Including an extremely large piece of metal in a piano is potentially an aesthetic handicap. Piano makers overcome this by polishing, painting, and decorating the plate. Plates often include the manufacturer's ornamental medallion. In an effort to make pianos lighter, Alcoa worked with Winter and Company piano manufacturers to make pianos using an aluminum plate during the 1940s. Aluminum piano plates were not widely accepted, and were discontinued.
The numerous grand parts and upright parts of a piano action are generally hardwood, e.g., maple, beech, or hornbeam. However, since WWII, makers have used some plastics. Early plastics were incorporated into some pianos in the late 1940s and 1950s, but proved disastrous because they lost strength after a few decades of use. Starting in 1961, the New York branch of the Steinway firm incorporated Teflon, a synthetic material developed by DuPont, for some parts of its Permafree grand action in place of cloth bushings, but abandoned the experiment in 1982 due to excessive friction and a "clicking" that developed over time. Teflon is "humidity stable" whereas the wood adjacent to the Teflon swells and shrinks with humidity changes, causing problems. More recently, the Kawai firm built pianos with action parts made of more modern materials such as carbon fiber reinforced plastic, and the piano parts manufacturer Wessell, Nickel and Gross has launched a new line of carefully engineered composite parts. Thus far these parts have performed reasonably, but it will take decades to know if they equal the longevity of wood.
In all but the poorest pianos the soundboard is made of solid spruce (that is, spruce boards glued together along the side grain). Spruce's high ratio of strength to weight minimizes acoustic impedance while offering strength sufficient to withstand the downward force of the strings. The best piano makers use quarter-sawn, defect-free spruce of close annular grain, carefully seasoning it over a long period before fabricating the soundboards. This is the identical material that is used in quality acoustic guitar soundboards. Cheap pianos often have plywood soundboards.
In the early years of piano construction, keys were commonly made from sugar pine. Today they are usually made of spruce or basswood. Spruce is typically used in high-quality pianos. Black keys were traditionally made of ebony, and the white keys were covered with strips of ivory. However, since ivory-yielding species are now endangered and protected by treaty, makers use plastics almost exclusively. Also, ivory tends to chip more easily than plastic. Legal ivory can still be obtained in limited quantities. The Yamaha firm invented a plastic called "Ivorite" that they claim mimics the look and feel of ivory. It has since been imitated by other makers.
Care and maintenance
Pianos need regular tuning to keep them on pitch, which is usually the internationally recognized standard concert pitch of A4 = 440 Hz. The hammers of pianos are voiced to compensate for gradual hardening, and other parts also need periodic regulation. Aged and worn pianos can be rebuilt or reconditioned. Often, by replacing a great number of their parts, they can perform as well as new pianos. Older pianos are often more settled and produce a warmer tone.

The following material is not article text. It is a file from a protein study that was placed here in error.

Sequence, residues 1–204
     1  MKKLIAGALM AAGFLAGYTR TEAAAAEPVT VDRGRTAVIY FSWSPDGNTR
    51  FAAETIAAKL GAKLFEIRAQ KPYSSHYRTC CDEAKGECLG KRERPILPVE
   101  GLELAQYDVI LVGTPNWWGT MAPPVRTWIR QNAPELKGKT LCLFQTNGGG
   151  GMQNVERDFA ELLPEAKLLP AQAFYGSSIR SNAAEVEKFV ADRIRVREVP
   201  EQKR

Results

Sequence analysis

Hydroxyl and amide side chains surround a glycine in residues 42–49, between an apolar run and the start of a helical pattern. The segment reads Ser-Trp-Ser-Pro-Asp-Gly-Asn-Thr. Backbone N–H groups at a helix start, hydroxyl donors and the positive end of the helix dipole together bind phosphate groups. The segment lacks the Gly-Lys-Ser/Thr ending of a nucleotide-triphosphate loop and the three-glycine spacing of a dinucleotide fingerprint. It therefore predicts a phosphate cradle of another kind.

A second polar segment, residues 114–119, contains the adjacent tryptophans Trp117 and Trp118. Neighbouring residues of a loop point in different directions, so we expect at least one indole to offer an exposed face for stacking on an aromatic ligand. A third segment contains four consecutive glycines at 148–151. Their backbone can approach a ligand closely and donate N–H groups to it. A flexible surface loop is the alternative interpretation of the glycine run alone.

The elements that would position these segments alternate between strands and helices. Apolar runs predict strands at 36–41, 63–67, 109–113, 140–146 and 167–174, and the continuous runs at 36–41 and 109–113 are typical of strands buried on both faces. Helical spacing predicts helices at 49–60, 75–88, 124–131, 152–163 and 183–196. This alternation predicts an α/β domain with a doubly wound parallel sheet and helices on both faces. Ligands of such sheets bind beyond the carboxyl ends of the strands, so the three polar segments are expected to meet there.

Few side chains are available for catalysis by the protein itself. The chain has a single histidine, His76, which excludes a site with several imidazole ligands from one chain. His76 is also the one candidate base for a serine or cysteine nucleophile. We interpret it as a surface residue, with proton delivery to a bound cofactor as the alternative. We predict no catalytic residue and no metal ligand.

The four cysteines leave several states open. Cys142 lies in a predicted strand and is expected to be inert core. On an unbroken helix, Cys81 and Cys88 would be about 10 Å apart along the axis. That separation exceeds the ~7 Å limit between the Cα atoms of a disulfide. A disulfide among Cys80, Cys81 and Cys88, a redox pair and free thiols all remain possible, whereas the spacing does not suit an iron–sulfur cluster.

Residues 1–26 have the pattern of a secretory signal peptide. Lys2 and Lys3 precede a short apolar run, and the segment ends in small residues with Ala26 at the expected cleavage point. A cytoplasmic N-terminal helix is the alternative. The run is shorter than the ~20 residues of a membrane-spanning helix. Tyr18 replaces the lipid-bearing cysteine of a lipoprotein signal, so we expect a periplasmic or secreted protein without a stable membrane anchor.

Piano moving should only be performed by trained piano movers using adequate manpower and the proper equipment for any particular piano's size and weight. Pianos are heavy yet delicate instruments. Over the years, professional piano movers have developed special techniques for transporting both grands and uprights, which prevent damage to the case and to the piano's mechanics.
The relationship between two pitches, called an interval, is the ratio of their absolute frequencies. Two different intervals are perceived as the same when the pairs of pitches involved share the same frequency ratio. The easiest intervals to identify, and the easiest intervals to tune, are those that are just, meaning they have a simple whole-number ratio. The term temperament refers to a tuning system that tempers the just intervals (usually the perfect fifth, which has the ratio 3:2) to satisfy another mathematical property; in equal temperament, a fifth is tempered by narrowing it slightly, achieved by flattening its upper pitch slightly, or raising its lower pitch slightly. A temperament system is also known as a set of bearings.
Tempering an interval causes it to beat, which is a fluctuation in perceived sound intensity due to interference between close (but unequal) pitches. The rate of beating is equal to the frequency differences of any harmonics that are present for both pitches and that coincide or nearly coincide.
Piano tuning is the act of adjusting the tensions of the piano's strings, thereby aligning the intervals among their tones so that the instrument is in tune. The meaning of the term in tune in the context of piano tuning is not simply a particular fixed set of pitches. Fine piano tuning carefully assesses the interaction among all notes of the chromatic scale, different for every piano, and thus requires slightly different pitches from any theoretical standard. Pianos are usually tuned to a modified version of the system called equal temperament (see Piano key frequencies for the theoretical piano tuning). In all systems of tuning, each pitch is derived from its relationship to a chosen fixed pitch, usually A440.